• startled — patient — accepting
    • responding — curiosity — assessing
    • discovery — discussion — disclosure
    • practicalities — principles — adherence

It’s an interesting application of story-shape to subject, because it doesn’t end in quite the sort of way a locked-room (or pod) story tends to. But it’s a story that’s been very explicit, throughout, about the lives the characters choose to lead, and the shape fits that.

So it’s an interesting demonstration of taking a classic sequence of events, and frame them through a less-common sequence of moods.

  • Bite” — Emily Hope (Fireside Fiction, 2022 — a teacher struggles to cope with an unsettling and violent girl) 2,832
    • unsettled — distressed — anguished
    • shaken — ineffectual — powerless
    • watching — avoiding — ravening
    • confront — impasse — shift
    • demand — exist — take

The power play in this story is interesting — tense and never reaching equilibrium. There’s an inevitability to it, each character has something they won’t get past, but rather than a typical progression there’s a tension there, waiting for something to finally give. It’s *uncomfortable*, and the structure matches the subject.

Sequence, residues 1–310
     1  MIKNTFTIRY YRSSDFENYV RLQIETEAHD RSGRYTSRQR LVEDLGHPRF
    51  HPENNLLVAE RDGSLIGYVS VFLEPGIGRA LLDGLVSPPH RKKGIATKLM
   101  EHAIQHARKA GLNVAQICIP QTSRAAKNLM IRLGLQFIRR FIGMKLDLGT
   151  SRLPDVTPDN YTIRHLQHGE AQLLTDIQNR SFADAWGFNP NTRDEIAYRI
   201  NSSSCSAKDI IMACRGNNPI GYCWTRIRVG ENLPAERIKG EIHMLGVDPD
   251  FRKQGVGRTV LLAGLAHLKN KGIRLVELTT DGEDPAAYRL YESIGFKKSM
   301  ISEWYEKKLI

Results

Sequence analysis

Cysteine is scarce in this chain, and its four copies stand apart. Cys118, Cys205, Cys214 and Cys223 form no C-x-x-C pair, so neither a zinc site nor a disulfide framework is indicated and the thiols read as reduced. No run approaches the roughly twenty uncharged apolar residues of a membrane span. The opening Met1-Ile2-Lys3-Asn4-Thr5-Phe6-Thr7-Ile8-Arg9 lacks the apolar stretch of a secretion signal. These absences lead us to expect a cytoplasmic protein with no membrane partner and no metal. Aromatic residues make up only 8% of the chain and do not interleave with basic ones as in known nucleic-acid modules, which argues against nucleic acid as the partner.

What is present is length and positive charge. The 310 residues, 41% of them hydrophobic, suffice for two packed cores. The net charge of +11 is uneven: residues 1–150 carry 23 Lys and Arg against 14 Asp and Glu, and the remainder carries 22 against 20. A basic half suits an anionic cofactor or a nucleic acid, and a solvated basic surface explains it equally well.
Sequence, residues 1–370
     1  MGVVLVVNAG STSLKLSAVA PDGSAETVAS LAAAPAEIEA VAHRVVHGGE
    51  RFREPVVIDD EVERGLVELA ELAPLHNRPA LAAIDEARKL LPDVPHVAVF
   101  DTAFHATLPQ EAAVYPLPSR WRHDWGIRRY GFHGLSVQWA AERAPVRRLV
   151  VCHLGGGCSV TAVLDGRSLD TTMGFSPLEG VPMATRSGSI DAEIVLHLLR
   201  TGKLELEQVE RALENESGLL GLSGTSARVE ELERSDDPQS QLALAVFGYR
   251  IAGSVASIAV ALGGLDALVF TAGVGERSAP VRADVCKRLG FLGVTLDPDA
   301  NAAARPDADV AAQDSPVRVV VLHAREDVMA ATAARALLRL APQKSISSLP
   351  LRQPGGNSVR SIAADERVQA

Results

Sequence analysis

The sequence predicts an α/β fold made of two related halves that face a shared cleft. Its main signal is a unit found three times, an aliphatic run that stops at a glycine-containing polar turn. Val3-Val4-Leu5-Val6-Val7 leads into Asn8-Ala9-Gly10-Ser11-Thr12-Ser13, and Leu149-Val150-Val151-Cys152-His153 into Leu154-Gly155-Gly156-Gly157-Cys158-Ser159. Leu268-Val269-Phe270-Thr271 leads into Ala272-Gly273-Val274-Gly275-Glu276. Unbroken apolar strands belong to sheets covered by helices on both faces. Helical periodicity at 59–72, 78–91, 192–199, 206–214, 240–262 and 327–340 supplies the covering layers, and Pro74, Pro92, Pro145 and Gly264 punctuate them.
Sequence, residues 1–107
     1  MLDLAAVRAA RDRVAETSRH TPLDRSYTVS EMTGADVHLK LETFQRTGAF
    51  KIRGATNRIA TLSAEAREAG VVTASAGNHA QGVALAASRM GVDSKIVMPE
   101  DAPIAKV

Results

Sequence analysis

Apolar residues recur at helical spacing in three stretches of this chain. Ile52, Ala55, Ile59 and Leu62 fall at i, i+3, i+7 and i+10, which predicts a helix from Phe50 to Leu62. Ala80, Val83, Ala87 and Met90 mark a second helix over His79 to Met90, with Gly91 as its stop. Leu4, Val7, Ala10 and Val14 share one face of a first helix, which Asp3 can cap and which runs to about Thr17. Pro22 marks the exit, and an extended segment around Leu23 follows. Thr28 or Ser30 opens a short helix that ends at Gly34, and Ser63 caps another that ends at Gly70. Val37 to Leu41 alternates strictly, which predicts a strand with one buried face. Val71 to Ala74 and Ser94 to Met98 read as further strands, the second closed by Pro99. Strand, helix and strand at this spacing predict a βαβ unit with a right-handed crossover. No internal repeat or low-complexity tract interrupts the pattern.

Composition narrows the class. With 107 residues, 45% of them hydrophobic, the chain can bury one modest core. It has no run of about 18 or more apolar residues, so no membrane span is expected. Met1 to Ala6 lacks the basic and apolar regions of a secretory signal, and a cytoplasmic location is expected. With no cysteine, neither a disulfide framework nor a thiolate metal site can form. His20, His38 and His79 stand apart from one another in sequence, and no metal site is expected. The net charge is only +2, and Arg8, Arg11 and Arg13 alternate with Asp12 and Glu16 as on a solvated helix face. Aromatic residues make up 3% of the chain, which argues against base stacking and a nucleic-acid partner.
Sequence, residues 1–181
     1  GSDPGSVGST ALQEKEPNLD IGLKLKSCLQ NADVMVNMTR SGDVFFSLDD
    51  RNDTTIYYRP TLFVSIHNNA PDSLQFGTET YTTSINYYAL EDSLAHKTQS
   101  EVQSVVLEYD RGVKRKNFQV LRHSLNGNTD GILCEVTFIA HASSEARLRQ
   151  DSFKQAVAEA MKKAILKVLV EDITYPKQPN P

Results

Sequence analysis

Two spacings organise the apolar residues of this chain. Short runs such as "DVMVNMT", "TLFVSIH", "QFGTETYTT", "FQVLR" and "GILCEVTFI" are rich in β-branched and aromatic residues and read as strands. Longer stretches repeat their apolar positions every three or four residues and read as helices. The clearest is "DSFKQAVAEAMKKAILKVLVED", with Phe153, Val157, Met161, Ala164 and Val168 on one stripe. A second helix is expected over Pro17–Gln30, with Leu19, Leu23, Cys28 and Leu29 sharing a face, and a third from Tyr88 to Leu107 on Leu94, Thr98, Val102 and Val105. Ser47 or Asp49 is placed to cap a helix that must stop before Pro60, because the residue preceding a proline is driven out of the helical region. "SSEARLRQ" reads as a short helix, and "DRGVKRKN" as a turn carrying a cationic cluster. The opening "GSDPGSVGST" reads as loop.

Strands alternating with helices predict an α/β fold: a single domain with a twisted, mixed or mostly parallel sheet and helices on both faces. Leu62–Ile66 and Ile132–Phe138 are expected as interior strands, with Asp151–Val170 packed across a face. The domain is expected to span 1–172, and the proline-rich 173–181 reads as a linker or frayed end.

• All the Boys in the Sea” — Marie Croke (Fireside Fiction, 2022 — every year, a village sacrifices a boy to the sea, and when one survives he must decide what to do) 1,926
    • death — life — change
    • acted upon by group one — acted upon by group two — taking action
    • discarded — space — choice
    • salvation — existence — debt
    • found — listening — acting

A restrained story, with an incremental progression from acted-upon to taking-action — compare it to the conflagration stories.

It’s interesting, too, that while the trodden upon –> conflagration stories tend to centre female characters (not always, but often), this gentler take is about boys. Something about the way lashing out/finally taking action is framed.